Juventus had one thing in mind when they signed Gonzalo Higuain and that was winning the Champions League. They already had enough players on their books capable of firing them to domestic glory – again and again and again.
A high-class centre forward who would guide them through in difficult moments and when chances seldom came was required. Twenty-one years Juve have waited for Champions League glory and no expense would be spared in pursuit of it.
There were many doubts – even up to Wednesday night – that Higuain would be that man. In Serie A there had been no problem. There have been 23 goals in 34 Italian top flight games so far.
But the kings of Italian football did not pay €90m to Napoli for another league marksman. The skeptics pointed to his European record with Real Madrid. He was never the man to lead them to a title and - indeed, the Merengue embarked on their run of two Champions League crowns in three seasons only after he had left.
He played 48 times in this competition for Real Madrid and only managed nine goals in total. Even worse, there were just two goals in 20 knockout games. Those came against CSKA Moscow in the last 16 during the 2011-12 season and Galatasaray in the following year's quarter-final when progress was already as good as assured.
His Champions League form had been sketchy. The group stage passed with three goals in six games – not a bad record, but two of those came against group whipping boys Dinamo Zagreb.
That was Higuain all over. The two second-round matches against Porto this year passed without the 29-year-old making much of an impact. Barcelona were clinically dispatched while strike partner Paulo Dybala attracted the lion’s share of the praise.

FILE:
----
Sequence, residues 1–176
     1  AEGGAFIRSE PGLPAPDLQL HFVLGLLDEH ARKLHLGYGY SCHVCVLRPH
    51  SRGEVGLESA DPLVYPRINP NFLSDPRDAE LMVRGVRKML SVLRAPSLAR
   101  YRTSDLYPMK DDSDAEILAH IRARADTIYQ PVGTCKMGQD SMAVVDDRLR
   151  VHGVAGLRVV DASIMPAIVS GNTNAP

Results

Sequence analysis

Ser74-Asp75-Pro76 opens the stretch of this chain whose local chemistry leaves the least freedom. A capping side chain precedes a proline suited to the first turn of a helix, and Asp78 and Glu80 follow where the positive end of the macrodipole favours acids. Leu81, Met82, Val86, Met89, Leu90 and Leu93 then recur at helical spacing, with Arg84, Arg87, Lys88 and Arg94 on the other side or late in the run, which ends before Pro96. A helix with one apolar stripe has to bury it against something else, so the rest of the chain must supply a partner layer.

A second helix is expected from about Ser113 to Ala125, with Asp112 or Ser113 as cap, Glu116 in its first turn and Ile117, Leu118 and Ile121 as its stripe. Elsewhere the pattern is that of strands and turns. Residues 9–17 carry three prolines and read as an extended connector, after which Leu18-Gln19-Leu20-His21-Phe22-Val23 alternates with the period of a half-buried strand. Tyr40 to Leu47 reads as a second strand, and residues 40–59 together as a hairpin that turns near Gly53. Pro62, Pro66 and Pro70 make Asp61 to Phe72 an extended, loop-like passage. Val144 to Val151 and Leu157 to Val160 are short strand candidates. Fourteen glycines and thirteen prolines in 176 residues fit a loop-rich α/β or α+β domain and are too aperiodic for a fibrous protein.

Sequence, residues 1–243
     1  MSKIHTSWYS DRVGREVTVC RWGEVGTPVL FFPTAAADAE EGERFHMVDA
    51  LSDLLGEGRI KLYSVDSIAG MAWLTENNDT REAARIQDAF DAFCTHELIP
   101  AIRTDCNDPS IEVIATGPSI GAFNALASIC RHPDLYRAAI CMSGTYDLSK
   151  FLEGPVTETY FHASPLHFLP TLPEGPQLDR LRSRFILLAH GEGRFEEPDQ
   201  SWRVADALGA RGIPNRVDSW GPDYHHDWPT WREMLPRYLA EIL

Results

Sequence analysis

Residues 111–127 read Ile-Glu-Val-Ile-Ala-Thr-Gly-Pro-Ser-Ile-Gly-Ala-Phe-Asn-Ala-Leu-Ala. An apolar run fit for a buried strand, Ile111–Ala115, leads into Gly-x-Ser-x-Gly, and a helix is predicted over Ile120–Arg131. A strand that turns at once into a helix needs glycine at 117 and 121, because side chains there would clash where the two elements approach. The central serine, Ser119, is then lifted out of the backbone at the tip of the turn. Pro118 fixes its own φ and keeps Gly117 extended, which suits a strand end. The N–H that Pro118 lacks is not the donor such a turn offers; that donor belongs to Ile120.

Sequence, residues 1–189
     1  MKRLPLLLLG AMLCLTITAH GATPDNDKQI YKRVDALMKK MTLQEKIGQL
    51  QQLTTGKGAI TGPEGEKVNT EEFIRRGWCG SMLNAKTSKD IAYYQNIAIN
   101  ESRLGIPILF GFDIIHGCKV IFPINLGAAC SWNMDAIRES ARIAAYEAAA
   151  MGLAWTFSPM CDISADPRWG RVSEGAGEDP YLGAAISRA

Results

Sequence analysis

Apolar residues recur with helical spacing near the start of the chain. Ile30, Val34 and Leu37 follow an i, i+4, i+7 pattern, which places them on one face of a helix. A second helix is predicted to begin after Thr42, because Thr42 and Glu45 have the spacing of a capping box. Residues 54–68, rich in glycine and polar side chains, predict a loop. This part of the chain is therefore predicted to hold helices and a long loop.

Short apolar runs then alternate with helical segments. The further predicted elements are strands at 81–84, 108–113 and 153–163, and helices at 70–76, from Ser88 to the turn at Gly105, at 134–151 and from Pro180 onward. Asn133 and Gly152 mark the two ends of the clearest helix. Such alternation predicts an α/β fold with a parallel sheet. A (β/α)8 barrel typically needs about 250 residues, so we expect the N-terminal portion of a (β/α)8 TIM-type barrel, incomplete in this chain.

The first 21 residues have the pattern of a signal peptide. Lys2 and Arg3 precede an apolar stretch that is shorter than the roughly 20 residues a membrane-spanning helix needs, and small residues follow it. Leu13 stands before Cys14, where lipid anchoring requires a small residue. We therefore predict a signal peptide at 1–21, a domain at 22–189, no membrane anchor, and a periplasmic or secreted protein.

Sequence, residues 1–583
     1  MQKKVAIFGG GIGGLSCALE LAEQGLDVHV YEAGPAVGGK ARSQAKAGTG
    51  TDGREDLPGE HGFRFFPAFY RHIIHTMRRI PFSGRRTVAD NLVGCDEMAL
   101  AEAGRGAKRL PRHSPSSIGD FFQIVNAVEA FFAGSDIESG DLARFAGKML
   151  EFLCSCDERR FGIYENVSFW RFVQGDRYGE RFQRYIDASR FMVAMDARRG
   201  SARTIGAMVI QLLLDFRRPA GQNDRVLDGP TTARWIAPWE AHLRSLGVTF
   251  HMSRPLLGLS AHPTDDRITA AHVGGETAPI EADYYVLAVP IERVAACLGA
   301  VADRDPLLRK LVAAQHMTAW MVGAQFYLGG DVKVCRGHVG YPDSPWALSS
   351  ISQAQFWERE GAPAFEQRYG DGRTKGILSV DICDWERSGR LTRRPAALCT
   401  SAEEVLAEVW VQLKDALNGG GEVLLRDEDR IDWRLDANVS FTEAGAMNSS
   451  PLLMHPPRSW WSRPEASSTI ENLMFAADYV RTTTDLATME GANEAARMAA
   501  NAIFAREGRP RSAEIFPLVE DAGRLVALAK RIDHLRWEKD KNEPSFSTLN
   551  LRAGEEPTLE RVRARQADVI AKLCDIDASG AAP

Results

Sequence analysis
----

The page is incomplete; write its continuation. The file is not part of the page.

Higuain was the focus only briefly and that was because he missed more big chances.
But in Monte Carlo the Higuain that Juventus expected in the first place showed up. These were big, decisive goals on the biggest stage of them all. He now has five goals in 10 matches; his best-ever Champions League return. How different the perceptions are now. So often the fall guy when it comes to the big games, this time he was in the spotlight for all the right reasons.
"It was important for me to remain calm and tranquil. Now we're going home with a big win," he said after the game, his happiness contrasting sorely with the dejected image he left at the end of three lost finals for Argentina.
"There's still a second leg but we're happy with the win tonight."
Much of the focus in the build-up to this game was on Kylian Mbappe at the other end. The teenager has lit up the Champions League for Monaco but was snuffed out by Juventus’s well-drilled backline as well as Gigi Buffon in goal.
Juve had a game plan to deal with Mbappe and his mentor Radamel Falcao. The addition of Andrea Barzagli to the starting line-up looked odd in the beginning but allowed Juve to defend with five men thereby leaving one centre-back spare to deal with either Mbappe or Falcao all night.
For that reason Monaco simply could not get going. They appeared subdued, without their usual vigour and imagination. Attacking weapons like Mbappe, Falcao, Bernardo Silva and Thomas Lemar could not find the space they needed. They were made to look ordinary and not at all like what they really are – the most exciting team in Europe. For that, Juve coach Max Allegri deserves immense credit.
Another upshot of their shape was that Dani Alves was permitted space on the right flank to gallop forward and attack Djibril Sidibe’s side whenever the opportunity called for it. Higuain’s first goal owed everything to the Brazilian.
Alves found enough space on the right side of the area to aim a backheel into the box where Higuain swept home. The second – again – was the product of the former Barcelona full-back. His cross was inch-perfect and needed only Higuain to keep his composure and slide in behind Kamil Glik. He obliged.
Juventus have all but extinguished the threat of Monaco with their expertise, their experience, their collective aptitude for this stage. At the apex of it all was Higuain, the man who finally delivered for them in Europe.